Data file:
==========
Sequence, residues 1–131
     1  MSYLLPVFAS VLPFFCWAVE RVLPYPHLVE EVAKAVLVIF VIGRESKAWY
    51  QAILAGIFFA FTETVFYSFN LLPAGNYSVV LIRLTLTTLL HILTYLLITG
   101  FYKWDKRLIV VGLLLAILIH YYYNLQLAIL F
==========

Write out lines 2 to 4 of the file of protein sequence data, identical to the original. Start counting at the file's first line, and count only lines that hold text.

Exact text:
     1  MSYLLPVFAS VLPFFCWAVE RVLPYPHLVE EVAKAVLVIF VIGRESKAWY
    51  QAILAGIFFA FTETVFYSFN LLPAGNYSVV LIRLTLTTLL HILTYLLITG
   101  FYKWDKRLIV VGLLLAILIH YYYNLQLAIL F